Lauren Goode tried Amazon’s outfit-picking robot for the Verge, and it didn’t exactly thrill her:
I’m finding as I get older, however, that what I’m wearing is less about what’s cool right now right this minute and more about practicality. Is this item appropriate for a funeral? Is this too casual for an interview, or too precious for a casual coffee? Am I going to be freezing at a friend’s wedding if I wear this? If the answer is yes: why are you not recommending I buy a jacket or shawl for that? Is this something that someone half my age would wear? (Yes, if it’s in the Juniors department.) I’m looking for more context, basically. Amazon, perhaps more than any e-commerce company, has the ability to do this. Amazon says this is “just the beginning” with the Echo Look and that it will get smarter over time, but the Echo Look app is just not there yet.
I sometimes forget to check the weather before getting dressed for the day and end up wearing something grotesquely inappropriate for the conditions. About a week ago, I wore a light sweater because I stepped out on my balcony before work and it was a bit chilly. It ended up being nearly 30°C, which is only sweater weather if you spend a lot of time on the Sun’s anvil.
That’s the kind of thing I feel the Echo Look should be best at doing, but it doesn’t sound like those kinds of recommendations are necessarily reliable.
It seems to be a fairly confused kind of a device. On the one hand, it can keep track of the outfits you wear daily so that you don’t find yourself wearing the same one to meet with the same clients a week apart, which should be appealing to those more fashion-conscious. On the other hand, if you’re fashion-conscious, you probably wouldn’t place much trust in a robot telling you what to wear, or what to buy:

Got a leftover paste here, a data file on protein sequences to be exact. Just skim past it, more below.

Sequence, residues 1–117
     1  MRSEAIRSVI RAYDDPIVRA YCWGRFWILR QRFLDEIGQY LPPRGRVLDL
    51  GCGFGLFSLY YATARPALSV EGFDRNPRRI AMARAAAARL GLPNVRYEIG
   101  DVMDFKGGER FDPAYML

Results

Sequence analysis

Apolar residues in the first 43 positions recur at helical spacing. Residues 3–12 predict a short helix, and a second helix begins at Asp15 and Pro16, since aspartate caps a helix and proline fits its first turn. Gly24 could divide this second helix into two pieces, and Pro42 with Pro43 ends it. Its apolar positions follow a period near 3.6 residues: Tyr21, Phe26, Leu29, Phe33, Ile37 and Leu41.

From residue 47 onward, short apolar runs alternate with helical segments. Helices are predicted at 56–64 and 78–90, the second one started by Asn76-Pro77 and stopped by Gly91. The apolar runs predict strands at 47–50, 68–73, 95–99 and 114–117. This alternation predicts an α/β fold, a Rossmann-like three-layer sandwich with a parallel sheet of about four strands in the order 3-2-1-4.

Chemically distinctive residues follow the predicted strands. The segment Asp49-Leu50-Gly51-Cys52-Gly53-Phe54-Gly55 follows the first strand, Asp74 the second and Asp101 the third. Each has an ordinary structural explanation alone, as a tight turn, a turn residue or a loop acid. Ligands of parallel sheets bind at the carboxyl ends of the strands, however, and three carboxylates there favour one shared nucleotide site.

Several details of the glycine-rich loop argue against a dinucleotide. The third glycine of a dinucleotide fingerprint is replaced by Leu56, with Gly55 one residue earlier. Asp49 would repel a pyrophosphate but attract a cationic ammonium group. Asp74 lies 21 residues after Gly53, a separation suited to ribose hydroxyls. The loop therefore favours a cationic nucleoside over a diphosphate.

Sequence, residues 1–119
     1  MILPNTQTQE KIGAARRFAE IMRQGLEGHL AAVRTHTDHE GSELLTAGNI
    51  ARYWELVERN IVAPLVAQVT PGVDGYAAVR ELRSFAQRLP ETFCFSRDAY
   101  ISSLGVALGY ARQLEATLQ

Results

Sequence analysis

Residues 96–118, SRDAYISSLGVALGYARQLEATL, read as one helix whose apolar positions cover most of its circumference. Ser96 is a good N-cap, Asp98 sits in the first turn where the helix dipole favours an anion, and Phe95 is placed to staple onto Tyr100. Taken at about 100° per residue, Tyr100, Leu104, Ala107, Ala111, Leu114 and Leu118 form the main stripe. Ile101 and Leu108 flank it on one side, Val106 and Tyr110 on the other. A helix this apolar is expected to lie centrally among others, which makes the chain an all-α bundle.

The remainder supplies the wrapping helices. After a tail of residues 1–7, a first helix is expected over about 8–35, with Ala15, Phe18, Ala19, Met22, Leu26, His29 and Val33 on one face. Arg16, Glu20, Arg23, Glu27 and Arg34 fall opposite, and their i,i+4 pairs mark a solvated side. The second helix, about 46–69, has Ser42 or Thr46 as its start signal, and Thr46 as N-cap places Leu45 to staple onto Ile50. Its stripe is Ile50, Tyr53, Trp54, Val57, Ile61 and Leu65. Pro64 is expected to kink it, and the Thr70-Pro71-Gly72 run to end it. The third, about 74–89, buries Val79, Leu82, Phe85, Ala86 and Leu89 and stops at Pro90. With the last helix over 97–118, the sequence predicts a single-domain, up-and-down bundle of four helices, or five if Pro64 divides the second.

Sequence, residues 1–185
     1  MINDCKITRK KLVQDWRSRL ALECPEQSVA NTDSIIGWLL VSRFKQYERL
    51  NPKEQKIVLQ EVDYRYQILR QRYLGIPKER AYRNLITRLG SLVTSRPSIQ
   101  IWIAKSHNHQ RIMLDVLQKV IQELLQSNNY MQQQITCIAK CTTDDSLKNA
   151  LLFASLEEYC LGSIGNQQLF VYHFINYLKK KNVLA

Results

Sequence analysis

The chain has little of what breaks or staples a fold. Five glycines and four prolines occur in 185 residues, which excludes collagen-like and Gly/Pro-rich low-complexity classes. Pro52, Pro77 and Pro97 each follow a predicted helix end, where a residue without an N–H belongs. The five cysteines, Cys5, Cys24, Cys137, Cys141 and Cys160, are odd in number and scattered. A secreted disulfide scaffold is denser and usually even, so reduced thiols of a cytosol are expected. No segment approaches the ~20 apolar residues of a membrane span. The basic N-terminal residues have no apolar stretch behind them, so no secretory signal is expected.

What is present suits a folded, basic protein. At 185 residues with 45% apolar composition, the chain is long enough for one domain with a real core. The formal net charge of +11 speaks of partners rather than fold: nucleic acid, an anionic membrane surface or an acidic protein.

I wasn’t really expecting spot-on clothing recommendations from Amazon just yet, try as it might to establish itself in the fashion world. But it never recommended shoes or accessories (which I am most likely to buy from Amazon), and it had a tendency to suggest I shop for other items in a similar color pattern (if I already have a blue blouse I don’t need another blue blouse). It also once suggested I might be interested in a similar top from the Junior’s department even though I haven’t shopped in that section of a store in a very long time.
Steven Frank in 2015:
“I see you bought a vacuum cleaner. Do youuu… want another one?” — Amazon
I rag on Siri a lot, but Amazon almost certainly has the world’s largest database of shopping trends. Surely they could do better than suggesting stuff that’s identical to what you already own or just bought. If their AI can’t get that right, why would you trust it to dress you every day?